In the world of retail sales, “bait and switch” refers to a marketing tactic in which one item or product (the bait) is attractively advertised in order to get interested customers to commit to a different product (the switch).
In 2015, Seattle, Washington, in a unanimous vote by its City Council, passed Ordinance 124833, creating a new Firearms and Ammunition Tax Fund. Starting January 1, 2016, the ordinance imposed a “gun violence tax” of $25 on each firearm sold at retail, and between two and five cents per round on all retail sales of ammunition.
Council members, explaining their support of the ordinance, stated that the City “can and must pursue innovative gun safety measures that save lives and save money;” “making it more difficult to assess guns and ammunition will save more lives;” and that “guns are getting into the wrong hands… [this] has all to do with making sure our neighborhoods are safe.” They estimated that the ordinance would generate revenue of between $300,000 and $500,000 annually, placed in a dedicated fund for “gun violence prevention programs and research.” Gun owners themselves wouldn’t be taxed because the ordinance applied only to retailers, although at the same time the City noted that affected retailers had the choice of passing the tax on to their customers.
In the 18 months since the ordinance went into effect, it’s possible to assess its impact and draw some preliminary conclusions.
Seattle’s gun retailers predicted the new tax would drive them out of business or out of the city. One dealer, Precise Shooter, calculated that the tax would cost more than the profits it earned on the taxed gun and ammunition sales, so it pulled up stakes and relocated outside of Seattle. Another business – the only remaining large-scale gun retailer in Seattle – had lost approximately $2M in revenue in the first 11 months and laid off employees in the face of declining sales. These events, unfortunately, don’t comport with the City’s claim that “in light of the success of the firearms industry today, a $25 per firearm tax is not going to affect the sales of firearms.”
The reality regarding the projected revenue stream appears at odds with expectations as well. There is some indication that the tax generated less than $200,000 in 2016, well below the $300,000 minimum annual amount cited in City documents. How much the actual figure deviates from the official minimum, though, can’t be confirmed because Seattle officials have consistently declined to make this information available, so much so that interested parties have been obliged to file a lawsuit under the Public Records Act seeking to compel the disclosure of the aggregate revenue data. In addition to this shortfall in the theoretical or anticipated tax receipts, the ordinance is responsible for actual revenue losses (sales tax, licensing) caused when local gun businesses, and consumer spending on guns and ammunition, shifted to outside the city.
Contrary to the public safety rationale used to justify this tax, there’s been no reduction in shooting crimes since its enactment. Seattle Police Department (SPD) statistics (“Seastat”) include a “Shots Fired Dashboard” comparing year-to-date statistics for two categories, “shootings” (firearm-related incidents that resulted in injury or death but excluding self-inflicted or officer-involved shootings) and “shots fired” (injury and non-injury firearm-related incidents). The most recently available Seastat data (June 7, 2017) shows a significant increase in both categories. The 2017 year-to-date “shootings” number (37) is almost 50 percent higher than that in 2016 (25); the “shots fired” listed for 2017 not only exceeds the 2016 amount but is the highest ever over the last six years. The number of aggravated assaults and homicides involving firearms increased in 2017 over the same period last year, and police sources confirm that rising conflict between criminal gangs is responsible for the majority of the people shot this year in Seattle.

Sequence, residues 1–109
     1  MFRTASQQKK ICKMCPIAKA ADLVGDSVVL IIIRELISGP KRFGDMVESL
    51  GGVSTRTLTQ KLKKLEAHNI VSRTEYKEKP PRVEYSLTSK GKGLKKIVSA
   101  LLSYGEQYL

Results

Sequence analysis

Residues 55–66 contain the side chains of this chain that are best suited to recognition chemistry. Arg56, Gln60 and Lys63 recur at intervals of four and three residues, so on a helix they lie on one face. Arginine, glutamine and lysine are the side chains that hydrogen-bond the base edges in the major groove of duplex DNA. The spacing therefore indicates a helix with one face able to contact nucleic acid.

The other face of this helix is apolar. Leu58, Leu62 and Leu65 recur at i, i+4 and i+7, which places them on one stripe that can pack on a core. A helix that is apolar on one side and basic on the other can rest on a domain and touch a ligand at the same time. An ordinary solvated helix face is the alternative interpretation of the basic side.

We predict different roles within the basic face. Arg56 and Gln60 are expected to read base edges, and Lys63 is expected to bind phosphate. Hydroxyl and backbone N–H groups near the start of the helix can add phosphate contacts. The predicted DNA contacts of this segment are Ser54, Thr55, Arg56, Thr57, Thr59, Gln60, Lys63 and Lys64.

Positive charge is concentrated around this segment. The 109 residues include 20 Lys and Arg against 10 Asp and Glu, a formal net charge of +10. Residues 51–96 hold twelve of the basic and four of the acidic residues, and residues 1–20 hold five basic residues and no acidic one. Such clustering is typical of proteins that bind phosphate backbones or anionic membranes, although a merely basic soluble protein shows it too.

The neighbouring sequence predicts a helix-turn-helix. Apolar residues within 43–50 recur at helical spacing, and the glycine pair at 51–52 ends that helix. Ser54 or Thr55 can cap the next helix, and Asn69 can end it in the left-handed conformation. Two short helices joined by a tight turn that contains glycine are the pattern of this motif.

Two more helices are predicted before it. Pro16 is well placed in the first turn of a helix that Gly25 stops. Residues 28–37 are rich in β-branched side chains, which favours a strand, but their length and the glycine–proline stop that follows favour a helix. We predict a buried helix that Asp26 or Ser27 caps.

Seattle’s taxpayers surely have cause to believe that their elected representatives had overhyped or oversold this ordinance. The “gun violence tax” hasn’t made city streets any safer or produced even the minimum in projected annual revenue – and the research that was supposed to be paid for by the tax is instead apparently being funded, to the tune of over half a million dollars, out of the City’s general revenue fund. One category of legitimate retail business has disappeared from the City almost entirely, making it more difficult for residents to exercise their basic constitutional right to purchase guns and ammunition.
On a broader level, this episode illustrates, yet again, the gun control “bait and switch” – the gap between what gun control proponents pledge their touted measures will accomplish and the different and often perverse results that actually occur. The enactment of Seattle’s “gun violence tax” has been followed by more violent crime, and instead of the special tax fund, all taxpayers are reportedly footing the bill for the gun violence program.
So the next time you’re being asked to buy in on something labeled as a “common sense” or “responsible” gun law, there’s another useful retail term that applies – caveat emptor.